During bouts of diarrhea, it is a sacrosanct rule to drink more fluids to combat dehydration, which is particularly dangerous in children and the elderly. Aside from water and oral rehydration products (e.g. Pedialyte), other fluids such as clear broths, apple juice, coconut water, and ginger or peppermint tea can also help. Conversely, avoid sugary drinks, because they are known to exacerbate diarrhea, cramping, and other gastric symptoms.

Meanwhile, you can purchase oral rehydration products over-the-counter at a pharmacy; they come in powdered (to be mixed with water), popsicle, or liquid form. They are suitable for children and adults with mild-to-moderate dehydration.

 

Foods to Avoid

 

If you’re in the bland or BRAT diet, it means you have to avoid foods that are known to irritate your compromised gastrointestinal system or cause increased bowel movement.  A good rule of thumb is to exclude these following food items in your diet for the meantime:

  • Dairy products such as cheese, milk, cream, and ice cream
  • Fried and fatty foods
  • Sugar-laden foods such as chocolates, sodas, candies, cakes, and cookies
  • Artificial sweeteners such as sucralose and sorbitol
  • Certain veggies, such as cauliflower, brussels sprouts, kale, and broccoli
  • All forms of beans
  • “Tough” proteins such as steak and pork
  • Alcoholic drinks
  • Caffeinated beverages such as black tea, coffee, and cola drinks because of their diuretic effect
  • Spicy foods

appetizer

 

Is It Effective?

 

For decades, people with stomach illness have been compelled to follow the BRAT diet. However, recent clinical trials have failed to establish its effectiveness in treating or alleviating the symptoms of diarrhea or gastrointestinal illness. Some foods in the BRAT diet, particularly banana and rice, have shown to reduce the frequency and duration of diarrhea because they easily and gently pass through the digestive tract, which is extra sensitive during a bout of stomach flu.

For example, banana is rich in pectin, which is a starch that reduces stool and bowel movement, and potassium, a mineral or electrolyte that you lose during a bout of diarrhea. This fruit also helps with the absorption of water and is bland enough to pass easily through your compromised digestive tract.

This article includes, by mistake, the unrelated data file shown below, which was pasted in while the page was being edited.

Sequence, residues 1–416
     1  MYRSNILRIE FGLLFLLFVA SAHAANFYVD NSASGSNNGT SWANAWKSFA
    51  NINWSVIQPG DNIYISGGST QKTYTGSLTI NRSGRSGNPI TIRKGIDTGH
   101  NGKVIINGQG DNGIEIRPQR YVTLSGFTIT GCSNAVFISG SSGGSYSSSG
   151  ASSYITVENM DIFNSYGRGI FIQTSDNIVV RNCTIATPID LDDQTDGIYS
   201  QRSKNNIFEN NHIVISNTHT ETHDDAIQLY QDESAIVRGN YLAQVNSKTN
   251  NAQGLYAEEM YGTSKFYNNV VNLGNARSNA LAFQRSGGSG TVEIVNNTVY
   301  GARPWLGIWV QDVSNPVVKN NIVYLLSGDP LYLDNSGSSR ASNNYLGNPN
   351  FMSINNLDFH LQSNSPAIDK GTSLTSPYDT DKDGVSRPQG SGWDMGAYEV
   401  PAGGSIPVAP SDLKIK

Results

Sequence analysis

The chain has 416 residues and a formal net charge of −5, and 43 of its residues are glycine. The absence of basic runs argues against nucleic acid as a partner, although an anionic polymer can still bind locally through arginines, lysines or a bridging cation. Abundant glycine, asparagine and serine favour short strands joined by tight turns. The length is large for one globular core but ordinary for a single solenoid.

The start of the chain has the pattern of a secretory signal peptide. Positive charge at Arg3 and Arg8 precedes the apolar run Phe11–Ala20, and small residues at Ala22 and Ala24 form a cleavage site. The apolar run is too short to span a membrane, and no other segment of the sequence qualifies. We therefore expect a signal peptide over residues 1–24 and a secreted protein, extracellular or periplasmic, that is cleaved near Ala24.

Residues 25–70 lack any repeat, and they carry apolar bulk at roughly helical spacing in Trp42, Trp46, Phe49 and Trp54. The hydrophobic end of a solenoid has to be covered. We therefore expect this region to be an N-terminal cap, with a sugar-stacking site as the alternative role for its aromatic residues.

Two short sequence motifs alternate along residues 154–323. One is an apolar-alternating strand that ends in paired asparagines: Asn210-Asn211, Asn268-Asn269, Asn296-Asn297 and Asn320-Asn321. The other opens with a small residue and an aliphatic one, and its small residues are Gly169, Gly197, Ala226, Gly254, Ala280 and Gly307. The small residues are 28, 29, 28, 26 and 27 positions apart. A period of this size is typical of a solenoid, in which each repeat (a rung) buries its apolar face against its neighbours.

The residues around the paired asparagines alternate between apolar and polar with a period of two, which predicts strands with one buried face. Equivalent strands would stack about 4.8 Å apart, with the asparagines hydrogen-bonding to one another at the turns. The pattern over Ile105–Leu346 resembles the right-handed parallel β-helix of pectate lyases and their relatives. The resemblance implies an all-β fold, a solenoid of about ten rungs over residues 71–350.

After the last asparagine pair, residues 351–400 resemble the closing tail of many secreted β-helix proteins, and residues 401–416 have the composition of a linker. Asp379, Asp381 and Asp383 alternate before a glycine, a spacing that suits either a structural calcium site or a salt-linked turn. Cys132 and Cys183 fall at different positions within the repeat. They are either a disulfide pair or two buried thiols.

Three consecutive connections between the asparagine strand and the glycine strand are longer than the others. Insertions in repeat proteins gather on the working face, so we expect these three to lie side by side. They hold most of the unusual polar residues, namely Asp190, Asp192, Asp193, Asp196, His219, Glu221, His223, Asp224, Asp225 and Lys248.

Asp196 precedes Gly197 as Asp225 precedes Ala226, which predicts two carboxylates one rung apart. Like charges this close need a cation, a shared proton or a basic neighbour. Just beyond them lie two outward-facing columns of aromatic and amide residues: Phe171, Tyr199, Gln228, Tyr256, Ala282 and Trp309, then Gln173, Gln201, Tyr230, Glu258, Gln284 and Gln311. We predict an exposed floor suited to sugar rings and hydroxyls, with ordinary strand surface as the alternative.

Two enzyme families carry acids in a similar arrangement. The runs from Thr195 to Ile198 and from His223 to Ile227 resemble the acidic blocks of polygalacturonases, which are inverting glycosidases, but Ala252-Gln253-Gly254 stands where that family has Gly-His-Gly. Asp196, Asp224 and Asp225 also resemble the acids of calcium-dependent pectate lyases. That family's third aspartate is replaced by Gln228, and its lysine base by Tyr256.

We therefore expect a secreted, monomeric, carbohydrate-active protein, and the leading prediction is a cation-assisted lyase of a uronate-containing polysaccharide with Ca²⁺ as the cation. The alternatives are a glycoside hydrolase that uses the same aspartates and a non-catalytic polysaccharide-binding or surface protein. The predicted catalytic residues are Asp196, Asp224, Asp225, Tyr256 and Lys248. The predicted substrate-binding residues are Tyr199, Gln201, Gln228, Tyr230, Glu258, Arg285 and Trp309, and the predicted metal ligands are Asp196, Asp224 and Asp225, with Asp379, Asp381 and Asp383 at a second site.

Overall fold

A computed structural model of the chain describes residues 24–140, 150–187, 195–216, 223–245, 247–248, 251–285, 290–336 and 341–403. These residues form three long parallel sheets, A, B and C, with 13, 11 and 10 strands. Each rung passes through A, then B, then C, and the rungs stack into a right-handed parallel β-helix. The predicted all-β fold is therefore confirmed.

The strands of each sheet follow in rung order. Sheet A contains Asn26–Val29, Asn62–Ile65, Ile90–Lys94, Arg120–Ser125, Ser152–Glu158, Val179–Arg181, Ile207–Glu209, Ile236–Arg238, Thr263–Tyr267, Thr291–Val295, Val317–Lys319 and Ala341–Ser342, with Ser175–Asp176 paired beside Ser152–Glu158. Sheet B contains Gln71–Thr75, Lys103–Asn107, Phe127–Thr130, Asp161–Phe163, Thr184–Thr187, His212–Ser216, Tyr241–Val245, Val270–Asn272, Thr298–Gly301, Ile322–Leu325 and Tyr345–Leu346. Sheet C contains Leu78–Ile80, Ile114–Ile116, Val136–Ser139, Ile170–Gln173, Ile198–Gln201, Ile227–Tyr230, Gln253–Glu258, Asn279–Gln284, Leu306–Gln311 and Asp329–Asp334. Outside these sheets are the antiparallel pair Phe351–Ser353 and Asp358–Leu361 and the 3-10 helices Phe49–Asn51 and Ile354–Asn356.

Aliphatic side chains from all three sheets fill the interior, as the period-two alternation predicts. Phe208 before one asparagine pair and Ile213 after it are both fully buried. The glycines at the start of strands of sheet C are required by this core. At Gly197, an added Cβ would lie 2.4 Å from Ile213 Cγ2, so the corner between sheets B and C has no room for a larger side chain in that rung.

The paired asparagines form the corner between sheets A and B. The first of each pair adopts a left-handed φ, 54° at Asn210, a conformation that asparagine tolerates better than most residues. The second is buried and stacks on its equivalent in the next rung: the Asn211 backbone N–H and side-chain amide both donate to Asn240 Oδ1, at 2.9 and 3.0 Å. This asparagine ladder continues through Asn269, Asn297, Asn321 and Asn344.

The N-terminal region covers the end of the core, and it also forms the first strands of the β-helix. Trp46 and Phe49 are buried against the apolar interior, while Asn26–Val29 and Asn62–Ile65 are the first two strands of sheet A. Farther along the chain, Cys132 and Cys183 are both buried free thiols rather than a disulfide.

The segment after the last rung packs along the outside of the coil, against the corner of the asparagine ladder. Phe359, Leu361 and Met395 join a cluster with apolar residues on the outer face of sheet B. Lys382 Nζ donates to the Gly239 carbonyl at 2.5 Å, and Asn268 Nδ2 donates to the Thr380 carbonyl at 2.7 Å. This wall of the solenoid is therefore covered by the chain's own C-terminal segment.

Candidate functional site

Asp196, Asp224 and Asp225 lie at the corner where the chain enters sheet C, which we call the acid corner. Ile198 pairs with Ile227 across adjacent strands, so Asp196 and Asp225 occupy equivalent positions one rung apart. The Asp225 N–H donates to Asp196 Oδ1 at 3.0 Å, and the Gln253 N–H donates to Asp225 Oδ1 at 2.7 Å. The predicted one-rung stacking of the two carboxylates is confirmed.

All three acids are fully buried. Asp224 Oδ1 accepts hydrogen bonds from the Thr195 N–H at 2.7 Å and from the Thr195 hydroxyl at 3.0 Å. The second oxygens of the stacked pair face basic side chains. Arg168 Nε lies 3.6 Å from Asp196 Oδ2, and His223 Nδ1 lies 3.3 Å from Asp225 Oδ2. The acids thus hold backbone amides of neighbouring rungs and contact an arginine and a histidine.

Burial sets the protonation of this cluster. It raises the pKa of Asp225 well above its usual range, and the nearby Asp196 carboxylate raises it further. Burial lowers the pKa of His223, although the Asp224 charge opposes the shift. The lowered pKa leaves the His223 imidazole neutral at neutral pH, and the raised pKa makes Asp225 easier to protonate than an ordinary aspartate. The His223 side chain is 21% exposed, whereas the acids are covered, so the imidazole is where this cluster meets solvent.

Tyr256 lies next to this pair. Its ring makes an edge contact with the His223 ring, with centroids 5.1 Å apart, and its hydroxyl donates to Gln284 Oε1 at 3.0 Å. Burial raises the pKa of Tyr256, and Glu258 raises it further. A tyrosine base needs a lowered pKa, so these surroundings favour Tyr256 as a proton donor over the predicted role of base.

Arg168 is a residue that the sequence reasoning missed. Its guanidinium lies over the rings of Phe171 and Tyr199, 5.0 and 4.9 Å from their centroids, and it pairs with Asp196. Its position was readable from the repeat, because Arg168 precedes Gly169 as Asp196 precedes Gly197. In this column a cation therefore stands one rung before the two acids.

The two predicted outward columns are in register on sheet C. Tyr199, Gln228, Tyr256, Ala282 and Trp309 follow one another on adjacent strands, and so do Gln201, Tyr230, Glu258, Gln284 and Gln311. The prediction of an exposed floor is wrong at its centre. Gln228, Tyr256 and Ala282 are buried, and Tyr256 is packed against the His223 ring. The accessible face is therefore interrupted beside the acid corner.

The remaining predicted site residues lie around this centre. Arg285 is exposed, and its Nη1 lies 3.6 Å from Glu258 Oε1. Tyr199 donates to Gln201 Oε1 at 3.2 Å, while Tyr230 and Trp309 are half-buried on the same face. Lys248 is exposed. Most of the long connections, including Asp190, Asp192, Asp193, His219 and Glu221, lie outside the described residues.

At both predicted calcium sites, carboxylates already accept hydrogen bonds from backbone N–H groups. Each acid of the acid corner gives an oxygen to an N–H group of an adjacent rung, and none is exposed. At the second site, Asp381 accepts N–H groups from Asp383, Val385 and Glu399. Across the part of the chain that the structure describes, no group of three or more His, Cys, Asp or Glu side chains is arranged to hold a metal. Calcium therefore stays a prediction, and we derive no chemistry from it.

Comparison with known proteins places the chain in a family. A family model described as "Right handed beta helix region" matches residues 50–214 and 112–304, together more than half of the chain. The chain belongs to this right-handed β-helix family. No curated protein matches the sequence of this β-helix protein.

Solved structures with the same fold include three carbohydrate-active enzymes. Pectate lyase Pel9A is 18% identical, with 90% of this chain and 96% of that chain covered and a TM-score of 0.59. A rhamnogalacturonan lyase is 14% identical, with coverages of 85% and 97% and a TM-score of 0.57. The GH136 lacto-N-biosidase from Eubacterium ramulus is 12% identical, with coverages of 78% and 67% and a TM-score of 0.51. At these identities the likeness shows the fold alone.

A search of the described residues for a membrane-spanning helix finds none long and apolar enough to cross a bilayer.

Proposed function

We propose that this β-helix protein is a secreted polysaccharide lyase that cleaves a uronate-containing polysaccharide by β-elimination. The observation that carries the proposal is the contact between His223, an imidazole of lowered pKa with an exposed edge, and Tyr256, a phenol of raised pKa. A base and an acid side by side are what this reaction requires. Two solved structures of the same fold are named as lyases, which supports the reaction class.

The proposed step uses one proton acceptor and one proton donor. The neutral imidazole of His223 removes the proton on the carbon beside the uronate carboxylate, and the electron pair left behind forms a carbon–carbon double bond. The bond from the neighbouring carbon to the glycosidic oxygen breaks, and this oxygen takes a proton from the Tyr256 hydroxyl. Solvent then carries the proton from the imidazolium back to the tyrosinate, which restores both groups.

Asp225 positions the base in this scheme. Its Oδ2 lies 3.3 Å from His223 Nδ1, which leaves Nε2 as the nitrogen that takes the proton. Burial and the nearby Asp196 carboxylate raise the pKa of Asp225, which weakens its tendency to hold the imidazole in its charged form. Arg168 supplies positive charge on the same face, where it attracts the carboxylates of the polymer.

Experts suggest that you can eat more foods than the BRAT diet dictates. The key is to stick to bland foods (low in fat, protein, and fiber) that are gentle on the stomach. Bland foods also have “binding” effects and so your stool firms up quicker.

Meanwhile, if your child has some type of stomach illness, the BRAT diet may still help alleviate his symptoms, although most experts suggest that he must continue to eat a variety of foods to help him meet his daily nutritional requirement for a quick recovery.

 

Sample BRAT Diet for Adults

 

First six hours of your illness: Six hours after your vomiting has stopped, it is ideal to give your stomach some time to rest.  Afterwards, you may suck on a popsicle or hard candy before you slowly progress to sipping water if your nausea persists.

Day one: If your vomiting has stopped, gradually add clear liquids such as chicken and vegetable broth, weak tea, flat soda, apple juice, and water. Ideally, sip or consume just a little amount at a time to prevent upsetting your compromised stomach. If your nausea or vomiting persists, avoid consuming anything for about an hour before you resume the process again.

Day two: Add bland, soft foods such as banana, rice, applesauce, saline crackers, jelly, and cooked cereals. You may also consider taking oral rehydration products.

Day three: At this point, you may gradually introduce “regular” foods that are still gentle on the stomach. Examples include hard-boiled eggs, white meat such as chicken and turkey, steamed or boiled vegetables, and sherbet.

Conclusion

 

While recent clinical studies attempting to prove the effectiveness of the BRAT diet are inconclusive, anecdotal reports show that for some people they do help alleviate gastric symptoms.  But as with any restrictive diet, it provides inadequate nutrition and calorie and so most experts only recommend sticking to this diet not longer than 48 hours, or at least add a variety of foods to make sure that you still get adequate nourishment.

This could be a great tool to get you functioning normally again, but it is not a permanent solution.

If you follow the BRAT diet in order to find relief from diarrhea, make sure that you also take more fluids (or more ideally oral rehydration products) to combat mild to moderate dehydration.

Meanwhile, visit your health care provider if your diarrhea lasts for more than three days, or if you develop symptoms of severe dehydration, such as reduced urine, lightheadedness, and sunken cheeks.